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Investigatory Class

Investigatory Class

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Published by roel06

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Published by: roel06 on Jul 04, 2010
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Cogon Grass Cardboard Food Packaging
Abstract
 The feasibility of cogon grass (Imperata cylindrica) as a substitute for cardboard food packaging wasstudied in this research project. The cogon grass was cut, boiled, and crushed in order to get the pulp.The pulp was then subjected to five different treatments before it was made into a card board likematerial. The amount of resin and other additives was kept constant while the amount of starch wasvaried in every treatment.
Introduction
 Nonbiodegradable waste is a major concern everywhere in the world. The bulk of the world¶s wasteconsists of the hard-to-break-down products, such as styrofoam. Styrofoam is commonly used as foodcontainers in fast food restaurants. Because it cannot be recycled, this particular waste contributes largelyto the world¶s increasing garbage problem.To lessen this environmental problem, one logical solution is to use biodegradable materials or recyclableones. Paper is being reconsidered and encouraged for use. This material can be recycled over and over again. However, trees still need to be cut for paper production. This spells trouble for the already depletedforests. Because of this, the researchers thought of another alternative. This alternative uses cogon grassfor making the pulp and the paper. Cogon grass is found abundantly in many places and is sometimesconsidered a nuisance.
M
aterials and
M
ethods
 
R
esults and Discussion
 
Selected
R
eferences
 Lampe, Klaus. Making Paper from Rice Straw. Los Baños, Laguna: International Rice Research Institute,1991.McGraw-Hill Science and Technology Encyclopedia. New York: McGraw-Hill Book Co., 1981.Rekka, M.M. et al., Blending Rice Straw Pulp with Some Egyptian Flora. Research and Industry 30 (2),1985.Further clarification of the procedures and results should be directed to the researchers and adviser.
R
esearchers
 Vanessa GabietaHazel PascualJericho Leo ReyesCecily Claire TiuMildred Uy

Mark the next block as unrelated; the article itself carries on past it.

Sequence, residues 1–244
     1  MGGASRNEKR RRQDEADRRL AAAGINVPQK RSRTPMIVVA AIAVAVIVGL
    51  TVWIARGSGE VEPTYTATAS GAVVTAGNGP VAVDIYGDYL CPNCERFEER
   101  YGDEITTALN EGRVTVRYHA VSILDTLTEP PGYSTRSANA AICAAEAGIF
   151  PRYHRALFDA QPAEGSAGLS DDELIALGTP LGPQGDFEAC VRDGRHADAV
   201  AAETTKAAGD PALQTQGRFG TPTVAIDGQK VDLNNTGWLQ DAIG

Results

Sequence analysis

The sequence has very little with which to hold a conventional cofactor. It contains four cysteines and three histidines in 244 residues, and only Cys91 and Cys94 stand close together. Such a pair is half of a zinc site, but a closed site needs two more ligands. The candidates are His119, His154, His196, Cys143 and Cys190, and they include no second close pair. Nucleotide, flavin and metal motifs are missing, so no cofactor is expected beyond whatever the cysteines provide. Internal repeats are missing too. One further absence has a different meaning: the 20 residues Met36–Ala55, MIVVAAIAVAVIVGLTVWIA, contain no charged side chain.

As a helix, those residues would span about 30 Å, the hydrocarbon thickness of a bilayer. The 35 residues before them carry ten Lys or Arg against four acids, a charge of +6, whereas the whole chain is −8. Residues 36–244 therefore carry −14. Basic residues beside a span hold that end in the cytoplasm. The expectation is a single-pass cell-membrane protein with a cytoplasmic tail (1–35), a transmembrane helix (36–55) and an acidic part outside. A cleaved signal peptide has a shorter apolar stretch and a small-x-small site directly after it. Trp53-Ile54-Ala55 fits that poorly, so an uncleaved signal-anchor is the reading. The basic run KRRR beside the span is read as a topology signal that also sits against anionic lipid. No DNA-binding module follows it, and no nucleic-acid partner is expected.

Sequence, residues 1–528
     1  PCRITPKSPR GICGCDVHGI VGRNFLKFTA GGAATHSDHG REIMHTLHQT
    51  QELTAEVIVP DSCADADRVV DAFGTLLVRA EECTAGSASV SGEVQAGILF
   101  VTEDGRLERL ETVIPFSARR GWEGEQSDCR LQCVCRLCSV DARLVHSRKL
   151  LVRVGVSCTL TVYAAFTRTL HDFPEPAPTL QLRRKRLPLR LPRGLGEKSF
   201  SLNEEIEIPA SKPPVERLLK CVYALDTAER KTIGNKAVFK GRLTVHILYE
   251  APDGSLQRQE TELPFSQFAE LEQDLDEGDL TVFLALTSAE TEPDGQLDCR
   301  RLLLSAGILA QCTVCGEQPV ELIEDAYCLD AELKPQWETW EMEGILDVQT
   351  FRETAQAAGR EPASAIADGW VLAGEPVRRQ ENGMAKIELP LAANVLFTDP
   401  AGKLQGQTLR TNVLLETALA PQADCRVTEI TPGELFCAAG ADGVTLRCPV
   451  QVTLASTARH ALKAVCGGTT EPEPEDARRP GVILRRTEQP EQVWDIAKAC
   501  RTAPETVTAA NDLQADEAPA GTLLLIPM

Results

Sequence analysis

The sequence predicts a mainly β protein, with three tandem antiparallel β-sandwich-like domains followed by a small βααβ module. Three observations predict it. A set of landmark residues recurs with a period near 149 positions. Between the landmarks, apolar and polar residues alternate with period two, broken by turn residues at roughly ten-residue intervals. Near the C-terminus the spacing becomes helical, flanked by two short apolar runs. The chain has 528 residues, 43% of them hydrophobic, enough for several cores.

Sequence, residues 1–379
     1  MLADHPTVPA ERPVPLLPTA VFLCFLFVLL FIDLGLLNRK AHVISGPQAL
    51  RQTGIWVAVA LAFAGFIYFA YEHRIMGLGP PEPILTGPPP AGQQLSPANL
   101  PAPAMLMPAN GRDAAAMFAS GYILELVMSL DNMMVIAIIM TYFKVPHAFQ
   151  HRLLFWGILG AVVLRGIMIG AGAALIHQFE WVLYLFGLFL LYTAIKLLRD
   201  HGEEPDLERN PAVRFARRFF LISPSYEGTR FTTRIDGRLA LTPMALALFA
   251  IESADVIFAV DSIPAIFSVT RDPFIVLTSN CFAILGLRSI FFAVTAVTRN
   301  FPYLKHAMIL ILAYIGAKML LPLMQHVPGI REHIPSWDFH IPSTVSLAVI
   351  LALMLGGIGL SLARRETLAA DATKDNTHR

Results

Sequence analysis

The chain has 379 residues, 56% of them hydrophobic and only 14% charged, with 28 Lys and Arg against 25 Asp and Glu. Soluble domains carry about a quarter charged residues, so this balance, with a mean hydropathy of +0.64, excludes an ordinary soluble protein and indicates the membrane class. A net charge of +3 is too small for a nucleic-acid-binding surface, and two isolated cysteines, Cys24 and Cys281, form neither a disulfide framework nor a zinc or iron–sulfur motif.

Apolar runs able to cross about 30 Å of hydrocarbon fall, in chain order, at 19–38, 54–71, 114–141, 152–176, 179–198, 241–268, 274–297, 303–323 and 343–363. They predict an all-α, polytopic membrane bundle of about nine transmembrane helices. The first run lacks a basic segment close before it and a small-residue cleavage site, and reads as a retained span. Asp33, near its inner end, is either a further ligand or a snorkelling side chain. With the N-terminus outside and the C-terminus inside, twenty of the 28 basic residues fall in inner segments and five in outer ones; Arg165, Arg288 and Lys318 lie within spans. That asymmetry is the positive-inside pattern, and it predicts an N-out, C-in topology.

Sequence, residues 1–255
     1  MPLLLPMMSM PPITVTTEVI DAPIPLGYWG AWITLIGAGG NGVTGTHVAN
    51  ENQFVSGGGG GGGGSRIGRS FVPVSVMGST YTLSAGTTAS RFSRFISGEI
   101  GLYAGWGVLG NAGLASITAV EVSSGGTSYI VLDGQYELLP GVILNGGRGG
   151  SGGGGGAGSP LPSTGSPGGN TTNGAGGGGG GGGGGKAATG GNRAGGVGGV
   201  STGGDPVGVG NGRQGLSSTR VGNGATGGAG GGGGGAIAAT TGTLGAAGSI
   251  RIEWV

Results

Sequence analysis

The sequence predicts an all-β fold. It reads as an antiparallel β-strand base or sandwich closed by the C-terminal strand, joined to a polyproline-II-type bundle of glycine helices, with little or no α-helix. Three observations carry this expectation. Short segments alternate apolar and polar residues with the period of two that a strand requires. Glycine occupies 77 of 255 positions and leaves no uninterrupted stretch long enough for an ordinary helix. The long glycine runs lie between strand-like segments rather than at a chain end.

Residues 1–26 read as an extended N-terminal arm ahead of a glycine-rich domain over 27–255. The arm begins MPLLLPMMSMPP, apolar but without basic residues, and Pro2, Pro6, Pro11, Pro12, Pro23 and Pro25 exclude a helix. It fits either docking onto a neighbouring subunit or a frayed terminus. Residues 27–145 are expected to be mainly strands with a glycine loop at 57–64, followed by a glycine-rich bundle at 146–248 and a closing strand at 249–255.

Adviser 
 Ms. Juanita CruzPhilippine Science High SchoolQuezon City
Source:Bato Balanifor Science and Technology Vol. 24 NO. 1 SY 2004-2005. Incooperation withDepartment of Science and Technology.
 
U
sed Cooking Oil as an Additive Component of Candle
Abstract
 The study aims to produce a low-priced, high-quality candle by using used cooking oil as a major component. The following candle compositions were used: 100 percent paraffin wax; 90 percent paraffinand 10 percent oil; 80 percent paraffin and 20 percent oil; 70 percent paraffin and 30 percent oil; 60percent paraffin and 40 percent oil; 50 percent paraffin and 50 percent oil. The firmness, texture, and lightintensity of the candles were tested and compared.Results of the tests showed that the candle made from 100 percent paraffin wax had the lowest meltingrate, lowest amount of melted candle, and a light intensity of 100 candelas (cd). The 90:10 preparationhad the next lowest melting rate and amount of melted candle. The other preparations ranked accordingto the proportion of used cooking oil in the candle, with the 50:50 preparation performing leastcomparably with the 100 percent paraffin wax candle.
Introduction
 Today, candles are made not only for lighting purposes but for many other uses such as home décor,novelty collections, as fixtures for big occasions (weddings, baptismals, etc.), and as scented varieties for aromatherapy. Candles are made from different types of waxes and oils.Cooking oil is a major kitchen item in Filipino households. It is also used substantially in fast-food outlets,where it is used in different stages of food preparations. Ordinarily, used cooking oil is discarded. Thiswaste oil pollutes and clogs canals and sewerage systems.
M
aterials and
M
ethods
 
R
esults and Discussion
 
Selected
R
eferences
 The Feasibility of Cocos nucifera Oil as an Additive for Quality Candles. Bato Balani Volume 15 Issue 1,Junior. pp. 16-18. Candles, Waxes, Oils. Microsoft Encarta 2004Further clarification of the procedures and results should be directed to the researchers and adviser.
R
esearchers
 Lauriedette Ann D. ConcepcionJoane F. Libranda Anna Carmela R. Santiago
Adviser 
 Mrs. Racquel C. DiazTalavera National High School
Source: BatoBalani for Science and Technology Vol. 26 NO. 3 SY 2006-2007. Incooperation withDOST.

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